Lawsan Thanapalan is currently completing his J.D. at the University of Windsor’s Faculty of Law, and has a B.A. (Hons.) in Sociology from the University of Waterloo. He is also working as a Caseworker at Windsor Community Legal Aid. He has volunteered in the diaspora community with the Old Students Association of Pungudutivu, Canadian Tamil Law Students and Lawyers, and also at the Toronto District School Board where he taught Tamil language. Lawsan was born and raised in Canada and India, and last visited Sri Lanka in 2006.
Lawsan will be placed in the position of English-as-a-second Language Teacher for two months under the Right of Return Program with the Church of the American Ceylon Mission near Puthukkudiyiruppu in the Mullaitivu district.
We asked Lawsan to share some of his thoughts on his upcoming experience as he heads out to Sri Lanka.
From 1983 to 2009, being Tamil and living in Sri Lanka was a deadly combination. It meant losing loved ones, facing persecution from the government, and daily existence was not guaranteed. For my family, it meant the loss of my eldest brother, who was killed when my parent’s neighbourhood was bombed. When my dad sought justice, he was threatened by officials to withdraw the complaint. Concerned for the rest of the family, my parents fled their war-ravaged homeland to provide a better life for their children. I knew they had given up a lot and I vowed not to let their sacrifices be in vain.
Growing up I heard plenty of stories from relatives and my parents regarding the situation back home and was appalled by some of the living conditions and atrocities that were taking place back home. With that being said, I always believed that I was living in a country free of such hate crimes. However through my schooling process I quickly came to realize that hate existed everywhere. In high school I was wrongly accused of theft and trespassing by my school officials. It had gotten to the point where they called the police and my father to school and had me seated in handcuffs.
I remember pleading my case to whoever would give me a chance to explain that I did not commit the offence. However, it all fell on deaf ears, as one police officer muttered, “I know about your people, and what you people do”. I was being reduced to a stereotype about Tamil people, one that affected how they treated Tamils. The discrimination coming from authority figures, especially in Canada, startled me.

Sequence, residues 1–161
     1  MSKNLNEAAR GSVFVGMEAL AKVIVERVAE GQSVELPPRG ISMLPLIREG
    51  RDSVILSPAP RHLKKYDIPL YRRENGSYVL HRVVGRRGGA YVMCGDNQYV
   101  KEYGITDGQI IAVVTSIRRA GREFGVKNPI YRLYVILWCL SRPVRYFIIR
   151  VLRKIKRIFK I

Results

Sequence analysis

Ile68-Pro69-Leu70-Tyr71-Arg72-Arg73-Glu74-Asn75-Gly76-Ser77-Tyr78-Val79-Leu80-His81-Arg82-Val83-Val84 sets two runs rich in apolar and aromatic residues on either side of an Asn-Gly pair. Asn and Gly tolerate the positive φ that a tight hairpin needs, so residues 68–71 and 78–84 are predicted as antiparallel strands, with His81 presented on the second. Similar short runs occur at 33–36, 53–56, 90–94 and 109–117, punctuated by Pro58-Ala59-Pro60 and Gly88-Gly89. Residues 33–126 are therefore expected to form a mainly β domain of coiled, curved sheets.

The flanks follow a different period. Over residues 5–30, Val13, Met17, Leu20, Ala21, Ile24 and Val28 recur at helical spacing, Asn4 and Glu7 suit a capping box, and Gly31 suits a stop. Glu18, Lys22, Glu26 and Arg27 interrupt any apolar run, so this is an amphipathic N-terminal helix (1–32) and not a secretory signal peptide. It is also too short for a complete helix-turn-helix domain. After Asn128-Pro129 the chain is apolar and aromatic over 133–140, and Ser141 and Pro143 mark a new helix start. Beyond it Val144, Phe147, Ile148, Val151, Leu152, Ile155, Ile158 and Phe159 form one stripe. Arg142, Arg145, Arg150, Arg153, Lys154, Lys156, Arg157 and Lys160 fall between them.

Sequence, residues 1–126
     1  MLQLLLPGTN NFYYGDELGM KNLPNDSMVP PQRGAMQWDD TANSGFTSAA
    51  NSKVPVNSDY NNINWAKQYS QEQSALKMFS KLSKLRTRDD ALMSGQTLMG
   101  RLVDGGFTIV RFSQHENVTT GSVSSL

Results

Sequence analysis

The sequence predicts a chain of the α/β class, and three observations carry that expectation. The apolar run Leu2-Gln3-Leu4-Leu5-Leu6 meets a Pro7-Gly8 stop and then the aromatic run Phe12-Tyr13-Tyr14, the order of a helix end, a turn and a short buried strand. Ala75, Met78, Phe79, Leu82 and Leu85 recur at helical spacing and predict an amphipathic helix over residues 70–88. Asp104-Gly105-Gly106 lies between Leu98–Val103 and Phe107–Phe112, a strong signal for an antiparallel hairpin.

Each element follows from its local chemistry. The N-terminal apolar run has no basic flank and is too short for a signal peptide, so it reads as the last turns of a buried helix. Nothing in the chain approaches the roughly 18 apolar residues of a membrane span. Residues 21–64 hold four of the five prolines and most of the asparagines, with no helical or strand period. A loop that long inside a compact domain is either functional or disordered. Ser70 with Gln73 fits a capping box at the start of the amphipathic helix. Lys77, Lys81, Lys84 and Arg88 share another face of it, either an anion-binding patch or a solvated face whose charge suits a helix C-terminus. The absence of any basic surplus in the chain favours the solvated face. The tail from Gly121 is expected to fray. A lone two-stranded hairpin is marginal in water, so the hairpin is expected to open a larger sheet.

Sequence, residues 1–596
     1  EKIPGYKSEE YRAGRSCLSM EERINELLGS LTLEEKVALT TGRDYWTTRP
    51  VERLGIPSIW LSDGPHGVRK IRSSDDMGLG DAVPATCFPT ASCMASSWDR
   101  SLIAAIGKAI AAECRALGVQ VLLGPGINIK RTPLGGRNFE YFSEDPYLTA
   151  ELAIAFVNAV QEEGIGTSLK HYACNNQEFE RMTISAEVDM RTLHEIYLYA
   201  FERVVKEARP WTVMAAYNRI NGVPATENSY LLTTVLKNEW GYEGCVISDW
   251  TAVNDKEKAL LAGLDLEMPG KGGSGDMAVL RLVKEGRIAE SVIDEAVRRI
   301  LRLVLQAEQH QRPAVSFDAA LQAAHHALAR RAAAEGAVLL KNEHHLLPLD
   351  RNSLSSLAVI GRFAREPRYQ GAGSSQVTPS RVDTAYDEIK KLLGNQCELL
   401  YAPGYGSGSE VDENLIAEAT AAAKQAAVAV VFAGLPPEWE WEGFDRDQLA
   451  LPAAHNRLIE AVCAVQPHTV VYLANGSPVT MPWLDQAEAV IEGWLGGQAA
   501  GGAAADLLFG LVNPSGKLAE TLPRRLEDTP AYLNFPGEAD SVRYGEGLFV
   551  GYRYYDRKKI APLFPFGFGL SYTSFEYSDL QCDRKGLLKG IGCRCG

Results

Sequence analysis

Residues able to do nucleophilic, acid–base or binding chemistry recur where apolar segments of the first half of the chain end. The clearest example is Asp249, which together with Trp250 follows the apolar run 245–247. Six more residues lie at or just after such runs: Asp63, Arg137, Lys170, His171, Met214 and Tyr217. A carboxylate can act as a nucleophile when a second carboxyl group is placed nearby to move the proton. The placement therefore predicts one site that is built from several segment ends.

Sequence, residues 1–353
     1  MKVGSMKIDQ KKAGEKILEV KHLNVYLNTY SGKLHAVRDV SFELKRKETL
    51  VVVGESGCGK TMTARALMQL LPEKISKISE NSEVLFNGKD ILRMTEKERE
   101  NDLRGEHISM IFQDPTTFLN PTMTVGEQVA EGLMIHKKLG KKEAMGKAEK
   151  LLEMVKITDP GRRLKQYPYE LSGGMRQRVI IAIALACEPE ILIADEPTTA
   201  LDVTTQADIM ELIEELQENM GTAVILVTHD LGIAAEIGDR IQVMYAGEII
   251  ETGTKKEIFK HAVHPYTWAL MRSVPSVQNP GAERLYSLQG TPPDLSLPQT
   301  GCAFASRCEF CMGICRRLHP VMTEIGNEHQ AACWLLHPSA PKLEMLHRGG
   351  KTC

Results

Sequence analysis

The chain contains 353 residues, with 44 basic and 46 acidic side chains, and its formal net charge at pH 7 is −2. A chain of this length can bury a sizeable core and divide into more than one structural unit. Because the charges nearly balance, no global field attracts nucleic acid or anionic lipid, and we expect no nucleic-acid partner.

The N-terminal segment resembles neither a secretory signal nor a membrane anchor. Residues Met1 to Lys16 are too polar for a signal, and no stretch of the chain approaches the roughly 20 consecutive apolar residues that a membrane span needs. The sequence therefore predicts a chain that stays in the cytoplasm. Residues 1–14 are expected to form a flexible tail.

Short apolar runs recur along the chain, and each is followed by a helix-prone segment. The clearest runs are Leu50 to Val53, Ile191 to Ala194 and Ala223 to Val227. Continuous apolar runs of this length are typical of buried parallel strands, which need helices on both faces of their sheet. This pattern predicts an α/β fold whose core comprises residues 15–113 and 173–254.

It would later come to be realized that I was innocent, however this did not change anything. There was no apology, there was no remorse in the way I was treated. It was then that I realized that had I not been adamant in my self-defence, I might have been found guilty. I considered the many people who are unable to speak up for themselves because they lack the means or fear the consequence of doing so. I wanted to change that, I wanted to speak up for those, like my parents, who are rendered voiceless, and I felt the best way to do that was through a career in law.
At the start as a law school student I went through the saviour complex, this notion that I’m going to get my degree and go back home and save everyone back home. I quickly realized how inappropriate a thought process that was. Through my law school education, what I learned is that there seems to be a discrepancy between what the community in Sri Lanka wants or needs and what we as a Tamil community believe they want. Discrepancies such as transitional justice versus justice through international court processes. No efforts are being made to discover what the actual civilians need. Rather, we as a community focus on economic assistance and believe we are doing good for the people back home. In my opinion the only way to assist with the civilians back home is to work with them to build a system of sustainability and stability, one which will stand the test of time.
To quote David Allan, “It is not the beauty of the building you should look at; it is the construction of the foundation that will stand the test of time.” That’s what this amazing opportunity comdu.it has presented me achieve, it will lay the groundwork and foundation for the youth of today and tomorrow to help, but more importantly help in the right manner – to create a better tomorrow.
Stay tuned to this blog to follow Lawsan’s work in Mullaitivu, Sri Lanka this summer.
Please consider supporting our vision to create more opportunities for the diaspora to contribute knowledge and expertise to the North and East of Sri Lanka. You can make a donation to our our 2017-19 seed fund at https://www.gofundme.com/comduit.